TED-ED video about the Voynich manuscript

I’m pleased to say that there is a new educational video about the Voynich manuscript which I was invited to script, published by the prestigious TED-ED group:

It was published only yesterday and already has 382,753 views, which is gratifying. (My nephew told me that it is number 8 in the list of Trending YouTube videos worldwide, but you can tell the level of competition in that race by the fact that it is being beaten by ‘I got stung by bees 3000 times’ and ‘How to cut and color your own hair’!)

I was asked to script it some months ago, and the process of working with the TED-ED editors and animators was an inspiring one. It might not be a perfect representation of the manuscript and people’s research on it, but that is partly because we were given tight time limits and editorial guidelines. However, any errors or omissions are of course my own responsibility.

One thing I was not able to do was to name names of current scholars such as René Zandbergen,, whose work has been one of the (few) real contributions to our understanding of the manuscript in the last 100 years. However, in the full lesson itself, I was able to mention his work and refer people to his and other websites. See the full lesson here:

http://ed.ted.com/lessons/the-world-s-most-mysterious-book-stephen-bax

 

I hope you like it.

7 Comments

  1. I really think this guy is on to something. Please watch this video, and the two he made before this one.
    https://m.youtube.com/watch?v=lhtZc-nFNt0

    • MarcoP

      Hi Jodie, the author of this very interesting video is Derek Vogt. You will find he posted a number of contributions on this site. His analysis is partly based on ideas that were discussed by several people through the years; for instance, the possible identification of the top-left star in f68r3 (EVA:dcholday) with a Persian name of Aldebaran was mentioned by Stephen in April 2014. Derek added much to these ideas, in particular formulating a more extensive phonetic theory and arguing for a connection between Voynichese and the Romany language.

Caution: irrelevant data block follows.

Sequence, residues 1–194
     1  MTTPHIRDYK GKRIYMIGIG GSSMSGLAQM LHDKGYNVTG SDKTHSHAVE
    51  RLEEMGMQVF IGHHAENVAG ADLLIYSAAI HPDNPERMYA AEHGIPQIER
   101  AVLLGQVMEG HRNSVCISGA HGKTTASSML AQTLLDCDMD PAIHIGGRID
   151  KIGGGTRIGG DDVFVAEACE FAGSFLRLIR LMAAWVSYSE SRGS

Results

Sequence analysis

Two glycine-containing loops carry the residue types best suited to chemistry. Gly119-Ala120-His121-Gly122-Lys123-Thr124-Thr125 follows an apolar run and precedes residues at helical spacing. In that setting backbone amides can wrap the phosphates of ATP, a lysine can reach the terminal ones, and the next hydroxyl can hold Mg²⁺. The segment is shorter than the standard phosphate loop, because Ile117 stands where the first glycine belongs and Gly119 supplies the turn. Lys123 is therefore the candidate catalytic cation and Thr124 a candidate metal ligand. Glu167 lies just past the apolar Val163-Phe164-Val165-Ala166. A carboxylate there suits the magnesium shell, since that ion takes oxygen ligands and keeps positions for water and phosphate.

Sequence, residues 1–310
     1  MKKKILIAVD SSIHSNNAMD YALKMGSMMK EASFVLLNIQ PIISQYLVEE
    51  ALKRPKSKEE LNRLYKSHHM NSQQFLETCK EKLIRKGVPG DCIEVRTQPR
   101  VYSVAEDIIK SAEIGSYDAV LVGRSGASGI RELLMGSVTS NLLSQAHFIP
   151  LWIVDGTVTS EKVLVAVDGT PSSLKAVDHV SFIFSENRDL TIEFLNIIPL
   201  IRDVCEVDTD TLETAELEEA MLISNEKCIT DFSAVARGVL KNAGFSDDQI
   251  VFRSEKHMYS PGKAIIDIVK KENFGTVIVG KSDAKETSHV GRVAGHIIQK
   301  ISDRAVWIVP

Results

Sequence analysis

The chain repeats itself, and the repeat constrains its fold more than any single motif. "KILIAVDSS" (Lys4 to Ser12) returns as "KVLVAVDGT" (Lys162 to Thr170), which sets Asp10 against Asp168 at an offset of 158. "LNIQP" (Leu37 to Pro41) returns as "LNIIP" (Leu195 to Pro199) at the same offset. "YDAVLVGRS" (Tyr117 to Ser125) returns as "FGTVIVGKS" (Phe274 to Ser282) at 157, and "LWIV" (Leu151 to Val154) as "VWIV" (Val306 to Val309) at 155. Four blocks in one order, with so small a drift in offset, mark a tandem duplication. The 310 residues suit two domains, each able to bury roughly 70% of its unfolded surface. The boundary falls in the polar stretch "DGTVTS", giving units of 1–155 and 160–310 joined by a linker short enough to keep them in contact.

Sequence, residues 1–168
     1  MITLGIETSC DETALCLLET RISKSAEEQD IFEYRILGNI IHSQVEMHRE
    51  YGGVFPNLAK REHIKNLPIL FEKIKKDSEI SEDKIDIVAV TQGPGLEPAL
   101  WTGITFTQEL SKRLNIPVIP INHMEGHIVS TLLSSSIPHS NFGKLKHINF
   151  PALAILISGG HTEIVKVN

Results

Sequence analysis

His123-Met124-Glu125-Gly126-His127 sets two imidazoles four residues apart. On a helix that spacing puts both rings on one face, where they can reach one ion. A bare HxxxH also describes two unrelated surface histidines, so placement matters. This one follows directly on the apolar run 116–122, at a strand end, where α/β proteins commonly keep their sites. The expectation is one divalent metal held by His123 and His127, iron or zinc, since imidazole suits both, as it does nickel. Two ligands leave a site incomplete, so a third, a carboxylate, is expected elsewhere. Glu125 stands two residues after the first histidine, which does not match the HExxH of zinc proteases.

It seems that this line of research currently faces the difficulty of accessing linguistic competence in the late medieval forms of the Romany language. See Derek’s comment here.

  2. Dorothy

    Hi Stephen,

    Your video peaked my interest and did some digging.
    I dug deep into Georgian and even possible Naga roots through history and language.
    A bridging language I came across is called Khutsuri script.
    It can be written multiple ways which transcended to Georgian.

    I came across this blog site as a result.
    This could just be a unique handwriting through Khutsuri script.

    At least that is my layman’s theory..
    I am a struggling college grad highly adept at computers facing modern job hunting challenges.

  3. Darren Worley

    Thanks to Stephen and the creative team, its a well produced video. I thought the narration was fair and balanced.

    I hope that as a result, more academics become interested in the subject in addition to children and educators.

  4. Stephen Bax

    I’m glad you liked it – it is fun to see the familiar pictures animated. I was hoping for a full animation of the liquids passing through the tubes and the bathing, but maybe next time!

  5. MarcoP

    Thank you, Stephen!
    I greatly enjoyed the video and I hope it will help get young people interested in our frustrating hobby 🙂

  6. Dear Stephen,

    this video was very well done!!!
    While it’s not central to the message, the playful animations of some of the drawings in the MS do stand out.

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